Boks give Cup a sharper edge

2011-10-18 13:10

Comment: Rob Houwing, Sport24 chief writer 

Cape Town – Yes, it does seem cruel that some of the honest journeymen or fast-tracked rookies who have battled through the round-robin phase of this year’s Absa Currie Cup are suddenly deemed surplus to requirements for the all-important knockout phase.

I refer, of course, to the mass infusion – though the process had already begun in some earnest last weekend -- of returning World Cup Springboks to provincial teams, with defending champions the Sharks and last year’s runners-up Western Province the most handsome profiteers ahead of “semis” weekend.

Suddenly the Durban meeting between the Sharks and Cheetahs looks rather more loaded in favour of a home win, with the Free Staters pretty much having to go “status quo” with their selection yet the hosts gleefully beefing their ranks with the likes of Messrs Willem Alberts, JP Pietersen, Tendai Mtawarira and the Du Plessis brothers, Bismarck and Jannie.

In Johannesburg, it is a little more dangerous, I think, to suggest that Province will turn the tables for a Coca-Cola Park pasting only a fortnight back, simply because Schalk Burger, Jean de Villiers and company will give them greater mongrel and nous ... but a much tighter contest is a realistic scenario, all the same.

It is tough on some of the players who did some hard yards for their provinces just to get them to the semi-finals, only for their gesture of “thanks” to be relegation to the bench or even right out of the match-day 22.

Still, you have to ask these sort of honest questions: who would you rather pay top dollar (and in this recessionary climate, too) to see at the business end of the Currie Cup ... Dale Chadwick in the Sharks No 1 jersey or that eternal crowd favourite and rampaging ball-carrier the “Beast”?

And if you are WP fan, surely De Villiers at inside centre – a man who fought more deftly than most to overcome the Wallabies in that controversial RWC quarter-final – gives you a greater sense of comfort and pleasure than, say, the still-in-training Marcel Brache?

Various youngsters have made useful, perhaps even more advanced strides in first-class rugby than they may have imagined a few months ago; the kind that will stand them in good stead for further blossoming next season.

But after a season predictably marked by reduced gates at most Currie Cup venues because of the absence of well over two dozen of the country’s best players to international requirements in a World Cup year, any opportunity to inject them at the finish was always going to be grabbed with eager hands.

The sponsors clearly relish their presence, ditto the television honchos. And expect the public to show their approval by turning out in more swollen numbers now for the last three matches of the competition.

Just knowing that Cape cult figure Schalk Burger was likely to feature in the second half off the bench against the Pumas last weekend must have gone a long way to explaining why some 15 000 people reportedly went through the turnstiles for that less-than-sexy fixture, instead of a likelier four-figure gate, I imagine, had big Bok names been absent once more.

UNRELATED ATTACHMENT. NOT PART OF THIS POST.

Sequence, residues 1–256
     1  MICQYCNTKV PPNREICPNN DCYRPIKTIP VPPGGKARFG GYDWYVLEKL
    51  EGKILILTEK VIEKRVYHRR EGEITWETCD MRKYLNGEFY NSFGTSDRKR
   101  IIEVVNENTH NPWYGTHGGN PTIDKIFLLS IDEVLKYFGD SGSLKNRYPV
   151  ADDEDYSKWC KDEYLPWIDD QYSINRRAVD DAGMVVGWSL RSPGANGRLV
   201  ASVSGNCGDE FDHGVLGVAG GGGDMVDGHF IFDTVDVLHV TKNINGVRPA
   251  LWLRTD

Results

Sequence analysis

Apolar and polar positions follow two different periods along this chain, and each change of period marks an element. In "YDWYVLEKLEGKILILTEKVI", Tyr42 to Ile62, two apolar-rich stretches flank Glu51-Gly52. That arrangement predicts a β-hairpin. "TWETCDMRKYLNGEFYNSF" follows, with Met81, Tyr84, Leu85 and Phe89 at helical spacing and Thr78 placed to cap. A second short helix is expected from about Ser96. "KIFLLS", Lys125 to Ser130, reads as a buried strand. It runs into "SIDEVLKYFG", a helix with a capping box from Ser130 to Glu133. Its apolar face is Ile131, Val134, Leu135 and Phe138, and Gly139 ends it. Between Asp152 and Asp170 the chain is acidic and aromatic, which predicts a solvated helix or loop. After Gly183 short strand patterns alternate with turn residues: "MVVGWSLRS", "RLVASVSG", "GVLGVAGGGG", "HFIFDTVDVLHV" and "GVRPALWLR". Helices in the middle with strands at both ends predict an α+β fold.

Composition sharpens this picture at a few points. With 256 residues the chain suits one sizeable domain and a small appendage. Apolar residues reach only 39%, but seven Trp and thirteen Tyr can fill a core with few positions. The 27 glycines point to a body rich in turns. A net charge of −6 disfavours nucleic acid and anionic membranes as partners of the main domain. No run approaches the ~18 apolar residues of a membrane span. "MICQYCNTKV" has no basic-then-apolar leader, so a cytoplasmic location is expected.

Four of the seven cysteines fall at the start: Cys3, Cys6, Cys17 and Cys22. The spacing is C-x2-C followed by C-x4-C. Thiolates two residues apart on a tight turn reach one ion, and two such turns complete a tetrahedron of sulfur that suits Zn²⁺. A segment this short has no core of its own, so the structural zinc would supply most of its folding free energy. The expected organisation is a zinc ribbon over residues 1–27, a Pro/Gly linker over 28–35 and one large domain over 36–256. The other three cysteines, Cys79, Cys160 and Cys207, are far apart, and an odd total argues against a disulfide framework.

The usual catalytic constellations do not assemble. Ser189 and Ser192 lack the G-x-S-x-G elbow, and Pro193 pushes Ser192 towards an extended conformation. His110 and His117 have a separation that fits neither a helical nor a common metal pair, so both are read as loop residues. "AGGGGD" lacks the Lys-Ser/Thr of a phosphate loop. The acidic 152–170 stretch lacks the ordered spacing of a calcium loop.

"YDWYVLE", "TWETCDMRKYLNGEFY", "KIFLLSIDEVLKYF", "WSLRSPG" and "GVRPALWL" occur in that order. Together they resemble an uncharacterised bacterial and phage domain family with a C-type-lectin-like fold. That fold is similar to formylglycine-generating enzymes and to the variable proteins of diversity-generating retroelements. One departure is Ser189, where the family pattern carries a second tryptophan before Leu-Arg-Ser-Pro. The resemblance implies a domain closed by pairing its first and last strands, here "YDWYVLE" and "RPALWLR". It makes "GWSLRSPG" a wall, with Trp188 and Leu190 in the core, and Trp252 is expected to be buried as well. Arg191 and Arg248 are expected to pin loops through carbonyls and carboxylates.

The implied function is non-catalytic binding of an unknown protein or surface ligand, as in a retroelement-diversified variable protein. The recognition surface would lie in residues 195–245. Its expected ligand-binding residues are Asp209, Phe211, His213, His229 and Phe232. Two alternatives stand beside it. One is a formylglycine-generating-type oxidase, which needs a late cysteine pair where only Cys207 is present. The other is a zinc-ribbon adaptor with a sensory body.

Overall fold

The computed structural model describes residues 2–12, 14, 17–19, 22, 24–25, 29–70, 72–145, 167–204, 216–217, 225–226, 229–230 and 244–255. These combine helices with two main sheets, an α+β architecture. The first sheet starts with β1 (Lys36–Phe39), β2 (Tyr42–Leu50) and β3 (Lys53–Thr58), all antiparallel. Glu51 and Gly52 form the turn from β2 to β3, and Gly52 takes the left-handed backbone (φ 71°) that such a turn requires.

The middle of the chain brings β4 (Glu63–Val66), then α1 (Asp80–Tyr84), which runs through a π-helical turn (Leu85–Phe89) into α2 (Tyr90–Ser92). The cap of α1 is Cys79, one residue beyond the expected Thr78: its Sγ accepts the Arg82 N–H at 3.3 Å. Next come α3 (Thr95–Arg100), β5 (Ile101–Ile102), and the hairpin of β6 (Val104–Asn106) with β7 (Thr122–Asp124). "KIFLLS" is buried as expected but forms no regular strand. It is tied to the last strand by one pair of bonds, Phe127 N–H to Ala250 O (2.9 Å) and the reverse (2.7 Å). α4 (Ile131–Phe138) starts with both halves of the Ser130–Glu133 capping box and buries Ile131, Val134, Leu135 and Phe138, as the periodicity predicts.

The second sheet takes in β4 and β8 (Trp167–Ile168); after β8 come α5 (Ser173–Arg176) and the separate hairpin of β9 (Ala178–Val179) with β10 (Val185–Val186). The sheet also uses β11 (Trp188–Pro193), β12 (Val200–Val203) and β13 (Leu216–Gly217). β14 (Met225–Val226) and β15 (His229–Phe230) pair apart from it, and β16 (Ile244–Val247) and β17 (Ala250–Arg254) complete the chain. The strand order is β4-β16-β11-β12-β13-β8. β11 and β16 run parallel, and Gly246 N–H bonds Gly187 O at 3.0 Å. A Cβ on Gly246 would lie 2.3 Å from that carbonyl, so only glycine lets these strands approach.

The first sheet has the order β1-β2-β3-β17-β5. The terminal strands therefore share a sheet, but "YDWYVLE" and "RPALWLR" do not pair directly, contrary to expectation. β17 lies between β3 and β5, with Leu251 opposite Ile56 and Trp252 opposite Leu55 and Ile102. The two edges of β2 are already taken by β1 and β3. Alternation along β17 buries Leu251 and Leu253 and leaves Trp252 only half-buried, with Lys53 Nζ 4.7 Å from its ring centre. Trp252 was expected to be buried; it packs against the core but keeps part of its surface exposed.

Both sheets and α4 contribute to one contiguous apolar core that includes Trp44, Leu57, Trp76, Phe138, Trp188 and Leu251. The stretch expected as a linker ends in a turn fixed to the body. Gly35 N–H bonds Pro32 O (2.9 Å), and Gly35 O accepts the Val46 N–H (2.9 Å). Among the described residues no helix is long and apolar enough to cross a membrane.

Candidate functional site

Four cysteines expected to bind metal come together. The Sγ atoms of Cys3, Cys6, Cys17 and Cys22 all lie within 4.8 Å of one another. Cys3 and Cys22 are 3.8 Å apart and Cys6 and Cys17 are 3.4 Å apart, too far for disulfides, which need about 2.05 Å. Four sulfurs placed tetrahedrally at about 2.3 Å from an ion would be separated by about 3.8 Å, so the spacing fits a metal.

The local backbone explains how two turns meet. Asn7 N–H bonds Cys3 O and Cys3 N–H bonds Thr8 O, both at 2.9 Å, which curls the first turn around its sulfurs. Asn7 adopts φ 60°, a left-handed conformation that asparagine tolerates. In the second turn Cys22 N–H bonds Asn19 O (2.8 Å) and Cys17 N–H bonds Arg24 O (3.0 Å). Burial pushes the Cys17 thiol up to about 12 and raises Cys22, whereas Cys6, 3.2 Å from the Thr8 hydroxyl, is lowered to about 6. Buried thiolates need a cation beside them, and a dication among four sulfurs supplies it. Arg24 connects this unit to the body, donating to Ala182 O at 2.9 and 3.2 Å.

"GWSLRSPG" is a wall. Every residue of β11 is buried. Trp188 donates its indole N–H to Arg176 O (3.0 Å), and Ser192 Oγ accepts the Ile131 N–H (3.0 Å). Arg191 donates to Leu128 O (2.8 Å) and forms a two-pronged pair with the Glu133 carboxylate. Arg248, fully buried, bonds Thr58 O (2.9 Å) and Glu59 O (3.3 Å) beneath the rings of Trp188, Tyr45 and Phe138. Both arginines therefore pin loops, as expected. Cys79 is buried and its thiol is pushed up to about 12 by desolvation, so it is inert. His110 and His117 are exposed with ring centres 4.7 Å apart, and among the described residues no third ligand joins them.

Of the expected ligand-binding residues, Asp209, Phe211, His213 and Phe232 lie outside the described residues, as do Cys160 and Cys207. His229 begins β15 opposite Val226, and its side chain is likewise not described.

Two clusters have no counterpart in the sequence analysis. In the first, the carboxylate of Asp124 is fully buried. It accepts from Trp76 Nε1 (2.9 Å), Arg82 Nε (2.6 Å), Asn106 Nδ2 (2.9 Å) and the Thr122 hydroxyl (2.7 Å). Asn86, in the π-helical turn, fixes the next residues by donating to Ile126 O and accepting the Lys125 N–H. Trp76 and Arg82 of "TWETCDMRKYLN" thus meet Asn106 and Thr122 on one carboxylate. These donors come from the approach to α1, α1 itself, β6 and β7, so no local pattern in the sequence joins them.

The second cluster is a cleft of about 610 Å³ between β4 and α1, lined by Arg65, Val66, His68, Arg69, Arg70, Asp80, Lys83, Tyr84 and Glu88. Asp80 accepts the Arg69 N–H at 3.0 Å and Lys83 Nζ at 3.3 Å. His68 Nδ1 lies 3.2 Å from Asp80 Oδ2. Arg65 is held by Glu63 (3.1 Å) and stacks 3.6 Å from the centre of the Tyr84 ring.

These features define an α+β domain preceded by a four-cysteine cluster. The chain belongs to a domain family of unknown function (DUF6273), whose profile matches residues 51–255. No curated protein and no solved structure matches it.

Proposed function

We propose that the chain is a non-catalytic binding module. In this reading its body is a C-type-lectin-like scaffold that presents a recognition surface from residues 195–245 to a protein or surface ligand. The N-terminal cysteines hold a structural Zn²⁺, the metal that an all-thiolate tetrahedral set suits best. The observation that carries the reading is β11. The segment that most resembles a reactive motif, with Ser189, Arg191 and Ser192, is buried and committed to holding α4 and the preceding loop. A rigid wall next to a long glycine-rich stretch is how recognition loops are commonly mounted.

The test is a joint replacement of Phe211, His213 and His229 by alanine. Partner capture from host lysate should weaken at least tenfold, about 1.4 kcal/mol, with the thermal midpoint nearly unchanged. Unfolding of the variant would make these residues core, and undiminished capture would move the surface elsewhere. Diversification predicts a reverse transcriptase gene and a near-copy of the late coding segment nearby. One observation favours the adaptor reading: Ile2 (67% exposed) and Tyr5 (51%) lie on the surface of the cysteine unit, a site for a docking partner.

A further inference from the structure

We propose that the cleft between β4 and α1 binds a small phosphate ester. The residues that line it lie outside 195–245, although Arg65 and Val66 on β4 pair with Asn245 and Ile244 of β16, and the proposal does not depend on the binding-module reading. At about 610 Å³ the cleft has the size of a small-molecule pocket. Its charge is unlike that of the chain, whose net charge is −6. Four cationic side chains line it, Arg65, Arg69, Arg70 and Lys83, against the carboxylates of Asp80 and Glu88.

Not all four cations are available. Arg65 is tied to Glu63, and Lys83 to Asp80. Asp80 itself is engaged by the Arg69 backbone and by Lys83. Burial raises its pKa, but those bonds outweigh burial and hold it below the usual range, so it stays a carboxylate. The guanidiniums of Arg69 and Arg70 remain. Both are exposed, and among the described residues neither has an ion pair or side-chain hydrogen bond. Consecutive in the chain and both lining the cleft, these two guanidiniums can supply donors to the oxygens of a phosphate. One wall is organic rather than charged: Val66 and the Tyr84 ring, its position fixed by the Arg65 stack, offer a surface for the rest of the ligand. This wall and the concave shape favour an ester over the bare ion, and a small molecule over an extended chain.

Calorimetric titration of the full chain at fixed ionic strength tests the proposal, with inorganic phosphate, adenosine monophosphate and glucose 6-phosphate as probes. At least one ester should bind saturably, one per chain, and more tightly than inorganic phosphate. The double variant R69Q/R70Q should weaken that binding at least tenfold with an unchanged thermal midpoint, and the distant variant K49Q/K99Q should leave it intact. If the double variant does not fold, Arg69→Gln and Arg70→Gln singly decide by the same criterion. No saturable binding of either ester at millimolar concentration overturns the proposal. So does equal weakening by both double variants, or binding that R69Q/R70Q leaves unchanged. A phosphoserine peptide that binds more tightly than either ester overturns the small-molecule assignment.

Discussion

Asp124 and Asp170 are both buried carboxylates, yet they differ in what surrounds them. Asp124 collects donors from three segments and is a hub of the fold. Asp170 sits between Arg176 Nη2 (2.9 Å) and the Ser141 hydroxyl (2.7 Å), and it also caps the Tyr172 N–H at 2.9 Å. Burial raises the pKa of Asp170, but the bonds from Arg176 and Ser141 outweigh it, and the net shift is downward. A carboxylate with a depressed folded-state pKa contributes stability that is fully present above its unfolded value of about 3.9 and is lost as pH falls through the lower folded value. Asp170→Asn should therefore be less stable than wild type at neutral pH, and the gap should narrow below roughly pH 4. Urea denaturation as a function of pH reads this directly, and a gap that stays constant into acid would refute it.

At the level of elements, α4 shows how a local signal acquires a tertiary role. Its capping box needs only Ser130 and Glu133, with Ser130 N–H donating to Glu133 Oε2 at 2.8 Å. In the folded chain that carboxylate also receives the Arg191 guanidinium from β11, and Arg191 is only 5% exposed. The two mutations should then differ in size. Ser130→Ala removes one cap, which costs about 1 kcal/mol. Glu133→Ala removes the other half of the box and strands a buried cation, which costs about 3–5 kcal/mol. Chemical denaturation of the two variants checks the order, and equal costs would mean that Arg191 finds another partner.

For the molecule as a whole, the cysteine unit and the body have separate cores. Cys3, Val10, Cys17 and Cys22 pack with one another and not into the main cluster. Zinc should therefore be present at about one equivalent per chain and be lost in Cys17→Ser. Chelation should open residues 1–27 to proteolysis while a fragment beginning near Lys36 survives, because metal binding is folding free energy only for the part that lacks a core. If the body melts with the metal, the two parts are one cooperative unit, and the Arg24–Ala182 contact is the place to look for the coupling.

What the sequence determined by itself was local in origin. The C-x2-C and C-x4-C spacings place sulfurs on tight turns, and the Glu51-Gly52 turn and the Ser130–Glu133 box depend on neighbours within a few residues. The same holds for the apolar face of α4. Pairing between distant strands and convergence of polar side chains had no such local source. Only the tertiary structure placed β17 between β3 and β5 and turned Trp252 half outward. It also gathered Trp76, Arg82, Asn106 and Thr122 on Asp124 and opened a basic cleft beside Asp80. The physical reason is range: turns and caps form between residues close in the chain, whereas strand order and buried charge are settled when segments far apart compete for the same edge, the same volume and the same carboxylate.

Indeed, in the shortish time Burger was allowed off the leash like a grateful dog in a park, he only offered up a broad reminder of how passionately the frontline Springboks always wish to tear into provincial combat – remember that the careful “management” process in 2011 hardly means we are going to see tired old troopers simply go through the motions at season’s end.

A sports-minded colleague from News24 reminded me this week, too, that there is a precedent from as far back as 30 years ago for returning Boks crashing the Currie Cup final party, as it were.

In 1981, the Boks returned from their eventful, old-style (read: long!) tour of New Zealand, and then a stopover in the United States, to play an influential role in the outcome of the Cup that year.

Northern Transvaal ruffled feathers – and those were overwhelmingly amateur days when TV ratings and the like weren’t quite so obsessively monitored – by suddenly, unapologetically fielding a glittering array of Boks in the Loftus final against Free State, greatly tilting the balance before the teams even took to the pitch after a domestic season like this one, stripped of the country’s most stellar names.

Into the starting fray stormed players like Naas Botha, Johan Heunis, Burger Geldenhuys, Louis Moolman and Ockie Oosthuizen, with the hapless visitors comfortably elbowed out 23-6 after a spirited enough first 30 minutes or so.

There was a morality-based hullabaloo ahead of that final, yet it has dimmed to near-inconsequential status with the passage of time.

All that matters is the reflection in the history books that the Blue Bulls made it a fifth year on the trot of Currie Cup successes, albeit that 1979 was the kiss-your-sister share of the spoils with Morne du Plessis’s WP side.

Who wins in 2011 is all that will be remembered, ultimately, once again ...